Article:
We need to read the fine print on the defence spending pledge

By Chris Rogers July 10, 2015 10:44 am

While IDS was punching the air to celebrate the Chancellor’s living wage announcement – delighting sketch writers and cartoonists across the country – many Conservatives were also whooping with joy over defence on Wednesday.

True to form, the Chancellor of the Exchequer took inspiration from Paul Daniels when delivering the Budget by pulling a couple of rabbits out of his proverbial hat (or the red ministerial box in this case). One was the living wage. The second was a commitment to maintaining the NATO defence spending target of two percent of GDP.

It was an announcement that few were expecting. The Prime Minister, and the Government as whole, had come in for a sustained bashing over defence spending from Tory backbenchers, defence experts and military leaders. No less than Barack Obama had been in touch with a simple message: stick to the two percent. But despite it all (and the Prime Minister’s previous exhortations for other members to meet the target), the Chancellor had resolutely refused to make the commitment for the UK.

That was until Wednesday. The Chancellor’s defence announcement was greeted as a “great day for our country,” by General Sir Nicholas Houghton, head of the Armed Forces. It was a sentiment echoed by many within the Tory ranks, and doubtless within the MoD and Armed Forces as well.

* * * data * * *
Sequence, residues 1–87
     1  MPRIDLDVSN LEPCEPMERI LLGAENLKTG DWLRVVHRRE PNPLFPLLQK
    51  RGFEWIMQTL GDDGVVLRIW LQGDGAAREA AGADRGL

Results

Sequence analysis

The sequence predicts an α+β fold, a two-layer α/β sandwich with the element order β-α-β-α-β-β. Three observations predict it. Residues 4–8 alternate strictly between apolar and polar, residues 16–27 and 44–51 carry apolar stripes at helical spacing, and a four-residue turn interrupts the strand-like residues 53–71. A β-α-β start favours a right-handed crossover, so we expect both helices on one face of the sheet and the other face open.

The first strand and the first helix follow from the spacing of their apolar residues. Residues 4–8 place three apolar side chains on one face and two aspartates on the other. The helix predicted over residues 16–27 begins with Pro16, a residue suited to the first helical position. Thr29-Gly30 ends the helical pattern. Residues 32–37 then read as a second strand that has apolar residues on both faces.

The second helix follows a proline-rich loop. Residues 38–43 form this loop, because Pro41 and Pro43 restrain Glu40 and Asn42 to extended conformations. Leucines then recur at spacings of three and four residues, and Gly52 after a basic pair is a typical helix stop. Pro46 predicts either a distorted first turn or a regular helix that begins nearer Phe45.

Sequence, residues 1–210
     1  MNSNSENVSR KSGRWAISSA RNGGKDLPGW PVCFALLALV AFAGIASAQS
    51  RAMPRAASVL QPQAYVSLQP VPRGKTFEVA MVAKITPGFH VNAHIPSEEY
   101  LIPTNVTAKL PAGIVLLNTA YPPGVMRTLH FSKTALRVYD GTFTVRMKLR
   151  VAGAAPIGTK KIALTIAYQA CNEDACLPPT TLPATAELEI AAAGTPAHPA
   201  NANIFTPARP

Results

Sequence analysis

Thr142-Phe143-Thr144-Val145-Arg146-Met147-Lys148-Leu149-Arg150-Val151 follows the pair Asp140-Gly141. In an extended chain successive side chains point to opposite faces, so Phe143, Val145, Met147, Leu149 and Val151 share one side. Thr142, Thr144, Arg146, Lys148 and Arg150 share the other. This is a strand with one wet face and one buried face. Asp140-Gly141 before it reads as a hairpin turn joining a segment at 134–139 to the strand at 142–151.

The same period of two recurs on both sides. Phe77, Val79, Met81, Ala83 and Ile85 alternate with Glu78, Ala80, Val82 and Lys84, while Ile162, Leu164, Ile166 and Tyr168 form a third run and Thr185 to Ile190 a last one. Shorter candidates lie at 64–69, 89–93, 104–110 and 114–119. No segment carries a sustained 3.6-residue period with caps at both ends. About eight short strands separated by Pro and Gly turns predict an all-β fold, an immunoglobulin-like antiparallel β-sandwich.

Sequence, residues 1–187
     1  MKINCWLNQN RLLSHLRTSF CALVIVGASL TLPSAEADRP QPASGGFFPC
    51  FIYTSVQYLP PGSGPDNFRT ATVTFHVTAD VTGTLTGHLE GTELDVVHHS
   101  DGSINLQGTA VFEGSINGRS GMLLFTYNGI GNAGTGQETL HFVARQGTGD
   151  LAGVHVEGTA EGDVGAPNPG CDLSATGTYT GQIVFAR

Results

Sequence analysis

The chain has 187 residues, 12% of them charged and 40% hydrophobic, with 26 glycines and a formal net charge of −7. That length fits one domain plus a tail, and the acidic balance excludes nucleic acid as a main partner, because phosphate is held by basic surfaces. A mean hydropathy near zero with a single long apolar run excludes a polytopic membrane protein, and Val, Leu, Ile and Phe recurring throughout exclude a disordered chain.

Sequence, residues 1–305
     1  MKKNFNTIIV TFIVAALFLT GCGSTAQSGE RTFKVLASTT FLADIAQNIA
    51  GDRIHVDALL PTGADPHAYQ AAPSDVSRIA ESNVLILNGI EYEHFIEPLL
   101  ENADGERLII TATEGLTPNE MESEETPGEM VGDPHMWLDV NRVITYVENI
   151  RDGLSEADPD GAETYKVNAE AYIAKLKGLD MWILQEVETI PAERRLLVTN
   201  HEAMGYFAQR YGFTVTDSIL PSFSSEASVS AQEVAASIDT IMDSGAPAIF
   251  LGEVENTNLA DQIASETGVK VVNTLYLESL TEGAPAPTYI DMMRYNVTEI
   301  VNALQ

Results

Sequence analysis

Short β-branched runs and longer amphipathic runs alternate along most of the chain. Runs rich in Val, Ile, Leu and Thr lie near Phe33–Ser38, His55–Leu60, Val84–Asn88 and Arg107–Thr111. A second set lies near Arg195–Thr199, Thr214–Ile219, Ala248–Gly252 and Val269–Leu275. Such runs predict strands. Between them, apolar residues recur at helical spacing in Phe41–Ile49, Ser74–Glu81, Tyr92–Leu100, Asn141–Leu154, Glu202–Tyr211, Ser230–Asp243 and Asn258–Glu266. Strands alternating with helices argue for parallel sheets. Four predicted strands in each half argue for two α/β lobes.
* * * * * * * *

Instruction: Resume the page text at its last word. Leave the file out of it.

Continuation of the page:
But while the Chancellor’s commitment to two percent of spending might have placated restless backbenchers and the neighbours across the Pond, the reality is far less clear cut. You have to read the fine print to realise what the Government’s done in full.

The two percent spend has been made up from the budget for intelligence and even foreign aid. And while it’s possible to argue that’s all part of a defensive effort, it comes across as a bit disingenuous. Ministers will argue that the UK has always applied a stricter definition of defence spending than other countries within NATO. It’s a legitimate argument, but ignores the fact that less than a month ago, the Chancellor was at the Despatch Box announcing the MoD would have to swallow a further £500 million in savings. Hardly compatible with adherence to the NATO target.

The newly elected Defence Select Committee chairman, Dr Julian Lewis, has insisted that including large amounts of intelligence spending in the NATO calculations should not satisfy “anyone looking for a genuine commitment to defence.” He’s absolutely right. The Chancellor has not only pulled a rabbit from a hat – he’s also pulled off a conjuring trick by making a smaller amount appear to be a significant defence spending commitment. It sets a dangerous precedent, and begs the question of what the Government might be willing to include in its calculations in future to meet the NATO target. Because more cash for the MoD doesn’t seem to be part of the equation.

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